Nuclear medicine imaging in fever of unknown origin

Q J Nucl Med. 1999 Mar;43(1):61-73.


Patients presenting with undiagnosed fever generally fall into two broad groups: firstly, those with co-existing disease or recent surgery, and secondly those with pyrexia but who are otherwise more or less well. A pyogenic cause for fever is significantly more likely in the first group as compared with the second. Radionuclide agents which are currently freely available for investigating undiagnosed fever are labelled leukocytes, 67Ga, and radiolabelled human immunoglobulin (HIG). Labelled leukocytes are generally preferable in the group with co-existing disease (occult infection), whereas 67Ga should be used in the second group, which can appropriately be called fever of unknown origin (FUO). The lower specificity of 67G can be perceived as an advantage in this context in view of the wide range of pathologies capable of causing FUO. The role of HIG in undiagnosed fever is unsettled. In general, 67Ga is more helpful than labelled leukocytes when the cause of an FUO is intrathoracic, although the reverse is likely to be true for intra-abdominal causes, partly because of physiological excretion of 67Ga in the gut. Postoperative fever is an indication for a leukocyte scan. Patients with haematological malignancies occasionally present as an FUO, but patients with chronic renal disease should be approached as occult infection. Investigating children with undiagnosed fever is a particularly difficult problem. For the future, we need agents which are particularly effective for localising chronic inflammation and, of secondary importance, agents able to distinguish between infective and non-infective causes of inflammation.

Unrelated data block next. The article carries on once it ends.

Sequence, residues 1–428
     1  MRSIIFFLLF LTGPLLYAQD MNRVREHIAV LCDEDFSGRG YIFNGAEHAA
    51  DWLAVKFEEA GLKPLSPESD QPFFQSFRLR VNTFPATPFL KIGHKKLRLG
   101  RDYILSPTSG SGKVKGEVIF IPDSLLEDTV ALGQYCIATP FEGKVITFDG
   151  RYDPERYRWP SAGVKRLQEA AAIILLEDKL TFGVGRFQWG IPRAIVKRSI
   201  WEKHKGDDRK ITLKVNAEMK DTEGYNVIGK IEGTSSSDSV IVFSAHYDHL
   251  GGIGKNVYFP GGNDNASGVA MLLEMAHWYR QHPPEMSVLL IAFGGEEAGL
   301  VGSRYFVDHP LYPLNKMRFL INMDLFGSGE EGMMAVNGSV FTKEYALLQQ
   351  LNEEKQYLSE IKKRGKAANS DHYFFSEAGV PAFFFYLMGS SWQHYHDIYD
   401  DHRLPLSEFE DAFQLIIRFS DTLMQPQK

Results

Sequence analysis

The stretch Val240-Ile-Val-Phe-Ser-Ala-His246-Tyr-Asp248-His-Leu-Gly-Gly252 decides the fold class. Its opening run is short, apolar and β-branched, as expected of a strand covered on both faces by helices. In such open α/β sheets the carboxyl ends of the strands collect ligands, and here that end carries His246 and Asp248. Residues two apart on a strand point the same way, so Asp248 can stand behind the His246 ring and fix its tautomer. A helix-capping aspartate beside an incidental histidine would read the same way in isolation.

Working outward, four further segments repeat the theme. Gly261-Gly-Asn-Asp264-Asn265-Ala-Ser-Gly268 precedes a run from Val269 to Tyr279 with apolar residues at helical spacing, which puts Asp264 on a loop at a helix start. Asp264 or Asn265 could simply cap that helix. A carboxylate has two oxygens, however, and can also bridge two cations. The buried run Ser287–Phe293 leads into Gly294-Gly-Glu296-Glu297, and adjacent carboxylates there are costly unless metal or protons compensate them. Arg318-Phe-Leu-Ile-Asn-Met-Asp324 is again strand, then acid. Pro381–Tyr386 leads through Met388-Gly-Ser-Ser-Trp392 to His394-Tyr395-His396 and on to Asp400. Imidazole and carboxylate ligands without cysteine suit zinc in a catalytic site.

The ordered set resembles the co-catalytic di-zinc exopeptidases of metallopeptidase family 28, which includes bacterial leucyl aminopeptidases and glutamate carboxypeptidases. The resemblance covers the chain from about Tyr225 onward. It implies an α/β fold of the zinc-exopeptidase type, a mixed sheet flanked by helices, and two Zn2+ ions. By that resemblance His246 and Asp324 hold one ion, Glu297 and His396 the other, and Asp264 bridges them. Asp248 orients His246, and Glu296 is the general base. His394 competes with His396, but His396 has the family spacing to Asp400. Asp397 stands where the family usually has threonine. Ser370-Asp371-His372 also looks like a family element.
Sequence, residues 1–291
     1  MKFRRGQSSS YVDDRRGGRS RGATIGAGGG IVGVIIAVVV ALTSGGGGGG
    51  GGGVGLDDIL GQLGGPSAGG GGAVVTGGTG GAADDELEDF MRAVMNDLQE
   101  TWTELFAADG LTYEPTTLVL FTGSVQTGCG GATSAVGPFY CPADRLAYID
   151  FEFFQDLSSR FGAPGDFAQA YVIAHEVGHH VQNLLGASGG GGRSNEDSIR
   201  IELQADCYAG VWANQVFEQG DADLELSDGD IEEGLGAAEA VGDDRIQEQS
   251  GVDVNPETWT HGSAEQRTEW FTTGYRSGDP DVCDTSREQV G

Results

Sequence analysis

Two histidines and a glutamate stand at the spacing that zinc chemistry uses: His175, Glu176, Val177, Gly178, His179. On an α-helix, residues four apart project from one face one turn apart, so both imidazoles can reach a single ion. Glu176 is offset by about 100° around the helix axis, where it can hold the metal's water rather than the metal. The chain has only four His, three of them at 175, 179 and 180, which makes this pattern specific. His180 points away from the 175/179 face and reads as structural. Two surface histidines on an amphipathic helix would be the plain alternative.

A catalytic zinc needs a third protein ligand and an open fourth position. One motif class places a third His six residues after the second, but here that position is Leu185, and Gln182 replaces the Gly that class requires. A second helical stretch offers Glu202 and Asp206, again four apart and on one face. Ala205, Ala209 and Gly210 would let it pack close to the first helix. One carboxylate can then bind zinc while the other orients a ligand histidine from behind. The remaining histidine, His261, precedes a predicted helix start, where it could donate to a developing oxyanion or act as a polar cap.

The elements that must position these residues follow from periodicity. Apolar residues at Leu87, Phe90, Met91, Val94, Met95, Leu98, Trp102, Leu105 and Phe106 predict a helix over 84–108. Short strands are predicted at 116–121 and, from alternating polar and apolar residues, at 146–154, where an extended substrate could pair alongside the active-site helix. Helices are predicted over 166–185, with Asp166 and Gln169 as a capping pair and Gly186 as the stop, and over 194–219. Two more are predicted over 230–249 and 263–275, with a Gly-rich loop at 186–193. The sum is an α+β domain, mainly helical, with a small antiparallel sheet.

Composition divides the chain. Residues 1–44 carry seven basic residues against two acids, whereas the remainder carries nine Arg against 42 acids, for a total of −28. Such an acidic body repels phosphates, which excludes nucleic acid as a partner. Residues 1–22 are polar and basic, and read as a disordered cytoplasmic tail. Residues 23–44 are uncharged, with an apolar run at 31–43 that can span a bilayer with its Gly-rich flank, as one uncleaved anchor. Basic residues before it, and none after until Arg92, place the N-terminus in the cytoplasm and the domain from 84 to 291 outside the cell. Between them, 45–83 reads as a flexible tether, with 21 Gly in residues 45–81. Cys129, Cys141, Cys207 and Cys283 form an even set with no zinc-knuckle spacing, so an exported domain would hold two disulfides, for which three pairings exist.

Publication types

  • Research Support, Non-U.S. Gov't
  • Review

MeSH terms

  • AIDS-Related Opportunistic Infections / diagnostic imaging
  • Fever of Unknown Origin / diagnostic imaging*
  • Gallium Radioisotopes
  • Humans
  • Immunoglobulins
  • Isotope Labeling
  • Leukocytes
  • Radionuclide Imaging


  • Gallium Radioisotopes
  • Immunoglobulins